SCHOOL OF ART PROFESSOR WINS MAJOR AWARD:
By JOE NICKELL of the Missoulian | Posted: Monday, December 14, 2009 11:50 pm
For three months, Beth Lo has sat on a $50,000 secret. On Monday night, the celebrated Missoula artist could finally explain that twinkle in her eye to friends and colleagues, when California-based United States Artists publicly announced that Lo had been named one of its 2009 USA Fellows.
“It’s been hard having to keep this secret for so long,” grinned Lo late last week in an interview with the Missoulian. “But at least it was a good secret to have to keep.”
In the American arts world, there are few more prestigious honors than the 50 fellowships doled out annually by United States Artists, a four-year-old organization founded jointly by some of the biggest names in cultural philanthropy, including the Ford Foundation, Rockefeller Foundation, Prudential Foundation, and the Rasmuson Foundation.
Awards are given annually to artists from across the visual, literary and performing arts. Recipients are nominated through an anonymous process. Lo said that, as of last week, she had no idea who had nominated her for the award.
“It was a complete surprise,” she said of learning, late last spring, that she had been nominated. “I was thrilled just to be nominated for something like this. I thought it was a long shot, but you can’t turn something like that down, so I went ahead and filled out the application.”
Lo submitted photographs of 10 of her recent works, along with essays explaining her artistic focus. In September, she received a letter telling her she had received the award.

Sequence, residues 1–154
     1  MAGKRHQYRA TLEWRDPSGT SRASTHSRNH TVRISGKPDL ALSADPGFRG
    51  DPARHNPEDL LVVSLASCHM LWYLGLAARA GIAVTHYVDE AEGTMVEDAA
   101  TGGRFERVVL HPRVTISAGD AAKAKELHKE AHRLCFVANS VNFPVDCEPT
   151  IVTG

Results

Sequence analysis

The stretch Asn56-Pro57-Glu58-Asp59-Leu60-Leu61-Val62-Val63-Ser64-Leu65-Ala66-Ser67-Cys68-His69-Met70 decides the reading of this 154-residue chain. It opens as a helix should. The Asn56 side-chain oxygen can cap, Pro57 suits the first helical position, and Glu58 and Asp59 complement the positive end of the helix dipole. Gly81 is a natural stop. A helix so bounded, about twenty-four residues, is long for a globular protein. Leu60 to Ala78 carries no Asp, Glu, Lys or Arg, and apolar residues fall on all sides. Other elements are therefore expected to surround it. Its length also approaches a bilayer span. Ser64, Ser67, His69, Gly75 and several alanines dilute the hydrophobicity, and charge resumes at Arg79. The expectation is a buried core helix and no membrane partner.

On Monday night at a celebration in Los Angeles, Lo and the other 2009 fellowship recipients were scheduled to be presented with the $50,000, unrestricted grants.
While the award is the biggest yet – financially, at least – for Lo, she was hardly an undiscovered talent. After receiving her MFA from the University of Montana in 1974, Lo went on to teach at UM and exhibit her ceramic work around the United States. Her work has been exhibited at the International Sculpture Objects & Functional Art Fair in New York and Chicago, and she received a fellowship for visual art from the National Endowment for the Arts in 1994. She is also a past recipient of a Montana Arts Council Individual Artist Award.
Lo employs traditional Asian techniques such as calligraphy and origami, and borrows themes from more contemporary forms including souvenirs and toys to create her playful, refined sculptures.
“As much as this is a great financial reward, it’s also a huge affirmation or sense of confidence-boost that my decision-making process is good and my worldview is good and I should keep on doing what I do,” said Lo.
United States Artists “believes that society will get something back from supporting the arts in this way, and I certainly feel an obligation to do what I can to honor that and fulfill my part.”
United States Artists was originally founded in response to an Urban Institute study showing that while 96 percent of Americans appreciate the arts, only 27 percent believe that artists contribute to the good of society.
“Artists fuel the nation’s cultural vitality and illuminate the issues and complexities of our time,” said Susan V. Berresford, USA board chair and former president of the Ford Foundation, in a prepared statement announcing Lo’s award. “Yet many of our country’s finest artists struggle to make ends meet. Now more than ever, we need a resource like United States Artists to invest in working artists and promote their contributions to society.”
Lo said she’s not sure, yet, what she’ll do with the grant money.
“I think I’m going to be fairly deliberate and slow about making a decision, but I have several things I’d like to do,” said Lo, listing possible travel to China or Europe among her professional aims, as well as the completion of some children’s books on which she’s been working.
Then again, maybe she’ll use some of the money to finally install a proper kiln at her home studio in the Rattlesnake Valley.
“When we put this studio together, we built a pad for the kiln, but never were able to afford the kiln itself,” said Lo. “It’s nice to think that we could finally do that.”